Walt Mossberg

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Personal Technology

Latest MobileMe Takes Out Glitches and Eases Syncing

Apple Inc. last summer brought out a promising new service called MobileMe designed to synchronize email, contacts and calendars among any combination of its own Macintosh computers and rival Windows PCs, plus Apple’s iPhones and iPod Touch devices. It also offered online email, contacts and calendar, online photo galleries, syncing of Web bookmarks and 20 gigabytes of online storage.

The main idea was to replicate for consumers the kind of seamless, over-the-air email, plus contact and calendar updating, available to corporate users via systems like Microsoft’s (MSFT) Exchange.

The only problem was that MobileMe, which costs $99 a year after a 60-day free trial, and is available at MobileMe.com, was so buggy and ragged that I couldn’t recommend it. Apple (AAPL) pledged it would fix MobileMe. So, I have just spent a few weeks testing it again on multiple Windows and Mac computers, and an iPhone.

This time, my verdict is different. Apple has fixed all of the speed and reliability issues I encountered last year. In my new tests, MobileMe’s email was prompt and reliable. I was able to add, delete or edit a contact or calendar entry on one device, and see these changes almost immediately on all the others, and on the MobileMe Web site. The Web-based photo gallery, which can also house videos, worked fine on both Windows and Mac, and I was able to upload photos to it from my iPhone. The file storage also worked well, and now has a feature that allows you to share files too large to email. And each MobileMe account works with an unlimited number of computers, iPhones and Touches.

But there is one major caveat. While MobileMe works with Windows, it works better with Macs. The main reason for this is that, as I noted last year, its synced calendars and contacts show up in an odd manner in Microsoft Outlook, the most popular calendar and contact program in Windows.

Apple acknowledges the Outlook problems, which show up only in a mixed environment of Macs and Windows PCs, and pledges they will be fixed by the fall. The company says that if you are using MobileMe solely on Windows PCs, with or without an iPhone, the Outlook problem shouldn’t appear in most cases.

Apple’s MobileMe

There are other drawbacks for Windows users. While the Web version of MobileMe works fine on Windows in the Firefox Web browser, or with the Windows version of Apple’s Safari browser, Apple warns that it might not work properly in Microsoft’s Internet Explorer 7. The site worked well in the new Internet Explorer 8.

In both versions of IE, my tests showed that another MobileMe feature, bookmark syncing, didn’t work as advertised. Some bookmarks didn’t appear at all; others were listed alphabetically instead of in their original order. Apple is promising to fix this problem as well.

Some features are available only on Macs. For example, you can upload photos and videos to your MobileMe galleries directly from Apple’s iPhoto and iMovie programs. On Windows, you have to upload these using the MobileMe Web site.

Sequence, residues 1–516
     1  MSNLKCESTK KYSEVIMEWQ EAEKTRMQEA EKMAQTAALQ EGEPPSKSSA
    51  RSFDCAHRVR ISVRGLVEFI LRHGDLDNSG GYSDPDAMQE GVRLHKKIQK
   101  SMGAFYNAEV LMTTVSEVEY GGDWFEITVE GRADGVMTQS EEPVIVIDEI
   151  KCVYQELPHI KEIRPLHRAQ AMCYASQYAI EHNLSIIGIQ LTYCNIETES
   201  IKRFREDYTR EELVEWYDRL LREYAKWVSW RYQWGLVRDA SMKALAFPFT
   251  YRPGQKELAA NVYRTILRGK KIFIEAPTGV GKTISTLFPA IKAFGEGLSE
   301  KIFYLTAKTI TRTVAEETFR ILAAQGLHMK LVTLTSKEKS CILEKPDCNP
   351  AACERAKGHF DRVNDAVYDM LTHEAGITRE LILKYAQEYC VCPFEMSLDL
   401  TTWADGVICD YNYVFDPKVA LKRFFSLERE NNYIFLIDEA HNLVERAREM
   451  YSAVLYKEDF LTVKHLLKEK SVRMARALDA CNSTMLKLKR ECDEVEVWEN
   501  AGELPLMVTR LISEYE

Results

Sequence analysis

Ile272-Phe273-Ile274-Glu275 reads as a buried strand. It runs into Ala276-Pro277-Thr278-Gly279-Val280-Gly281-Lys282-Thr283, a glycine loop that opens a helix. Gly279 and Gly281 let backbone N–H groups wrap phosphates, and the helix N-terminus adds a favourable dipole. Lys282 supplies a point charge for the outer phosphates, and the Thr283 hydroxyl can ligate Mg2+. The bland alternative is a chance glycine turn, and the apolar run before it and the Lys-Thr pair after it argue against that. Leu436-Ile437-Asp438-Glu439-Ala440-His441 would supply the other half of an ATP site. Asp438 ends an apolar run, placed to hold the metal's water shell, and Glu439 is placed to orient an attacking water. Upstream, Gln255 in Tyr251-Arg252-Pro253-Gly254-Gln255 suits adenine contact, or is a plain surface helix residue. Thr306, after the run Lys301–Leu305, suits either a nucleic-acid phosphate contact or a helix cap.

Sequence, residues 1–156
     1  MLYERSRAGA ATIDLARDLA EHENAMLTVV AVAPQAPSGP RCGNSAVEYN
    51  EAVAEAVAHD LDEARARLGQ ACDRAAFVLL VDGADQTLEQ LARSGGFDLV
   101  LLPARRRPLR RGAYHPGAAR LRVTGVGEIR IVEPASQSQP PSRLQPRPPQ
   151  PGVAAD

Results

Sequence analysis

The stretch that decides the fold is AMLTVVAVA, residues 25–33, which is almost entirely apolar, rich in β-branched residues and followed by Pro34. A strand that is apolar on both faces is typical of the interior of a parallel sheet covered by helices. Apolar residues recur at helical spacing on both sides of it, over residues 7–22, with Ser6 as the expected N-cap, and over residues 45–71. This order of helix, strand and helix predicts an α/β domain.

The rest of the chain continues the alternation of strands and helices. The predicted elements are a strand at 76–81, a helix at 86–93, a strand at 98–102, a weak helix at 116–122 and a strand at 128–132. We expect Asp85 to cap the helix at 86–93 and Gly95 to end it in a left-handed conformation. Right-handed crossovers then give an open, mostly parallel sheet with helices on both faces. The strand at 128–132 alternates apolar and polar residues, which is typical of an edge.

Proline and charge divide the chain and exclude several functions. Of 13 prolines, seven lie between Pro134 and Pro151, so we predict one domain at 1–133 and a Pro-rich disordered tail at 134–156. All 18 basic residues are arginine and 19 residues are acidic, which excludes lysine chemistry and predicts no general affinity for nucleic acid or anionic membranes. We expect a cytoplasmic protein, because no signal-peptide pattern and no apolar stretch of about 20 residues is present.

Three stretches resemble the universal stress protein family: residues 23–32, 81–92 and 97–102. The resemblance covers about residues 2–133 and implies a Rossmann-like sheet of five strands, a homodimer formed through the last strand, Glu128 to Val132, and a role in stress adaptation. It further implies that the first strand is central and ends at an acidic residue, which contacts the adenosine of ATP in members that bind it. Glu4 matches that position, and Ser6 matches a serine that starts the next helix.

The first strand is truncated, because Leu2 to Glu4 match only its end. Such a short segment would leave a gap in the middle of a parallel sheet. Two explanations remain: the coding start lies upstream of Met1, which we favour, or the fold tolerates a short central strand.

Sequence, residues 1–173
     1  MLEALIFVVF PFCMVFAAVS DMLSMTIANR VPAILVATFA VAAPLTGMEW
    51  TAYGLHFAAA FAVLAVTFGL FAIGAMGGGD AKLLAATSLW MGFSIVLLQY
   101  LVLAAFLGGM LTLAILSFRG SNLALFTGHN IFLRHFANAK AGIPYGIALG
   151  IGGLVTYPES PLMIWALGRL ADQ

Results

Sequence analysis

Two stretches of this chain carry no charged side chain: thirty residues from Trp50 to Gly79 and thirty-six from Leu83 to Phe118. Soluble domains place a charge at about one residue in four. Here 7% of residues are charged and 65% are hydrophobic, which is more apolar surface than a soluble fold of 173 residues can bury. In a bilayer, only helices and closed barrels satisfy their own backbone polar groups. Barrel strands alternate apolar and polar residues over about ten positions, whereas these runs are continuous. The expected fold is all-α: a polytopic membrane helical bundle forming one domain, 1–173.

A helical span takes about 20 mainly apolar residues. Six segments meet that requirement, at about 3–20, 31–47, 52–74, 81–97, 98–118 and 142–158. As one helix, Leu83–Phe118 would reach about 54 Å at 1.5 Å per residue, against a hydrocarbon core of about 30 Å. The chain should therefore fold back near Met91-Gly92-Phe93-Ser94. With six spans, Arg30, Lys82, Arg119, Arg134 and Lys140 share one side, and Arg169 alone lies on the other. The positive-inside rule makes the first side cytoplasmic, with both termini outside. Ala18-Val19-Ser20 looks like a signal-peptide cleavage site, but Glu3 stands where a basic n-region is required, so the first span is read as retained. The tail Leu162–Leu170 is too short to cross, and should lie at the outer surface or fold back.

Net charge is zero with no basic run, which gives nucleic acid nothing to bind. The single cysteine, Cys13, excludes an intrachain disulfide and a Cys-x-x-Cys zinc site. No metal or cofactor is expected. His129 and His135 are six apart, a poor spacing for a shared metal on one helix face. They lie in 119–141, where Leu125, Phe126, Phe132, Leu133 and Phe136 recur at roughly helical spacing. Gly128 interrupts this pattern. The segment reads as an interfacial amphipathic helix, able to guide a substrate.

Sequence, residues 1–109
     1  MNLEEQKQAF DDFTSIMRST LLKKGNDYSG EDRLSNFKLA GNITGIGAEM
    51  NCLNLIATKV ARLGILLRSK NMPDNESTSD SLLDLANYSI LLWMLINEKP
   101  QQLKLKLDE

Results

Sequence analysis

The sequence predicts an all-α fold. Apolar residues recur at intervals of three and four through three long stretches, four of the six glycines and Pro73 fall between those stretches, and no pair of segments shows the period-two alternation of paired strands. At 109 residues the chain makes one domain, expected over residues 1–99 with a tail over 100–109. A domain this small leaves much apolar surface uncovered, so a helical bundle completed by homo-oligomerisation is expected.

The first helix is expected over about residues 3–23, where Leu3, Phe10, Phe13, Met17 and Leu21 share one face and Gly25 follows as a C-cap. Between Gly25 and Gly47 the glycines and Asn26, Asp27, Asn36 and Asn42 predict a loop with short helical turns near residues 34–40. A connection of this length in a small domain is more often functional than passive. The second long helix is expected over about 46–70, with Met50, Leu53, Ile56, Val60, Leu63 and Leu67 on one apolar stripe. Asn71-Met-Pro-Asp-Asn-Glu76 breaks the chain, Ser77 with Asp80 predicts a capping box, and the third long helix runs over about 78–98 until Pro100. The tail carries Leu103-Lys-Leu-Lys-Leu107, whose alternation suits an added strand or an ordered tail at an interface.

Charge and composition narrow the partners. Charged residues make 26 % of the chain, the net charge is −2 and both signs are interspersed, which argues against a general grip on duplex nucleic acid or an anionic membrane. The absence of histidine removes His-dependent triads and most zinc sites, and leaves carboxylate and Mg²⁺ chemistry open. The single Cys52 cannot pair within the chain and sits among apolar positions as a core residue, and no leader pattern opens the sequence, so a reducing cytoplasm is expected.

The Outlook problem works this way. If you have a mixed group of Macs and PCs, and your Mac’s calendar isn’t named Calendar, its information won’t sync with the main calendar in Outlook. It will appear as a separate calendar that requires extra steps to make visible. Worse, if your Mac or iPhone address book contains subgroups of contacts, these appear as separate address books, which require extra steps to make visible and may not properly sync up the same names as the Mac contact groups.

However, MobileMe now finally does a fast, reliable job of syncing calendar and contact items. In my tests, I was repeatedly successful in doing this in a variety of scenarios. I added a new phone number to a contact on my iPhone and, a minute or two later, it was added to that contact in Outlook, in the Mac’s Address Book program and in the Web-based MobileMe address book. I then changed the contact again in Outlook, and again in the Web-based address book, and the changes appeared everywhere else.

The same process worked with calendar items. None of this required cables (though, for Windows computers, you must first download and install a MobileMe control panel that runs in the background). The only glitch I ran into, which Apple is promising to fix, is that when I switched my iPhone to sync with MobileMe, it wiped out all the custom ringtones I had assigned to particular contacts.

Apple’s $99 price may seem high, given that you can get some features for much less, even free. And MobileMe lacks some obvious features, like online backup or automatic syncing of all files. Also, there’s no way to create limited access to allow an assistant or family member to use just your MobileMe online calendar.

But MobileMe finally does give consumers the main email, contact and calendar convenience corporate users rely upon daily.

Find all of Walt Mossberg’s columns and videos online, free, at the All Things Digital Web site, walt.allthingsd.com. Email him at mossberg@wsj.com.